After all that hedge chopping and tidying up, the time has come for the farmer to get rid of all the debris. Today was the perfect day to begin the clear up.
I don't know what it has been like where you live, but here it has been a perfect Spring day with wall-to-wall sunshine from dawn 'til dusk, only a slight breeze (just enough to dry my washing outside, which made it smell beautifully when I brought it in - fresh air and Spring smells up on the airer as I write.)
Just the day to collect all that chopped off holly and hawthorn in our new field, pile it all into a huge heap and get ready to have a bonfire. I love bonfires - we have a license to have a bonfire in our fields for the burning of stuff like this. I have now made the farmer promise that he won't have the bonfire in the morning, when I am at my exercise class. You can see from the photograph that there is quite a pile of it.
I also managed to capture a rare photograph of the farmer himself - he tried to hide behind the tractor but I was too quick for him!
Tess was singularly uninterested in the proceedings and spent the time poking her nose down rabbit holes, presumably smelling baby rabbits. Incidentally - on that subject - did you know that the mother rabbit covers the entrance to the hole when the babies are born, in an effort to stop predators like stoats and weasels getting in while the young are so vulnerable?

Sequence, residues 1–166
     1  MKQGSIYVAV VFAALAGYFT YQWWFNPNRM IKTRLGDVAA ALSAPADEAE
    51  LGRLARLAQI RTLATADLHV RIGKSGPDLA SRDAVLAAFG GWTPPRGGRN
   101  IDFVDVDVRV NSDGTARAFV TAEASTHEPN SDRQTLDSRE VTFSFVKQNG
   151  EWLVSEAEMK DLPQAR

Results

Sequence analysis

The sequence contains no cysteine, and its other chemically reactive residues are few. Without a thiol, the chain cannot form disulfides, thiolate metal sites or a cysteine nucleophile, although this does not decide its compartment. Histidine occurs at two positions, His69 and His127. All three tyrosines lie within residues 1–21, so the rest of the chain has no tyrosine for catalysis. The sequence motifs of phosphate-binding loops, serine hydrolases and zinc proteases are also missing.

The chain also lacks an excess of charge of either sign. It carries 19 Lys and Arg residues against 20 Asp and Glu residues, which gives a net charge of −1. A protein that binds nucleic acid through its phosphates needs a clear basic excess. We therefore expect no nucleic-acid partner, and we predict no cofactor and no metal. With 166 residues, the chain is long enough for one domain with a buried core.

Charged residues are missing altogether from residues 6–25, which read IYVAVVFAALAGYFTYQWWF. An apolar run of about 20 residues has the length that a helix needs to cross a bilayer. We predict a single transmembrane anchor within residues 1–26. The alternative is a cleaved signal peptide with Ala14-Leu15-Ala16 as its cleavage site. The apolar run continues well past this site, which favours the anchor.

Coming back up the field I photographed one of the lovely old, gnarled hawthorn trees. They have certainly been there as long as the farmer can remember. They at one time formed a whole hedge across the pasture (it was originally three fields) (this kind of hedge is called a 'cam' up here in the Dales), but one by one- over the years- gales bring them down and he saws them up for the woodburner - hawthorn makes super logs for burning.
The tree called to mind one in a field when we were children - it was so full of ivy that the ivy formed a kind of platform which held our weight, so we used to carry a picnic up into the tree and watch the world go by. Those were the days.
All around on the moors they are burning the heather (grouse moors) - it is the first time this year that the weather has been dry enough to get on with the job. The horizon is full of smoke spires and there is a smell of burning heather in the air. Yes, folks, Spring certainly seems to be winning as far as today is concerned. (famous last words.)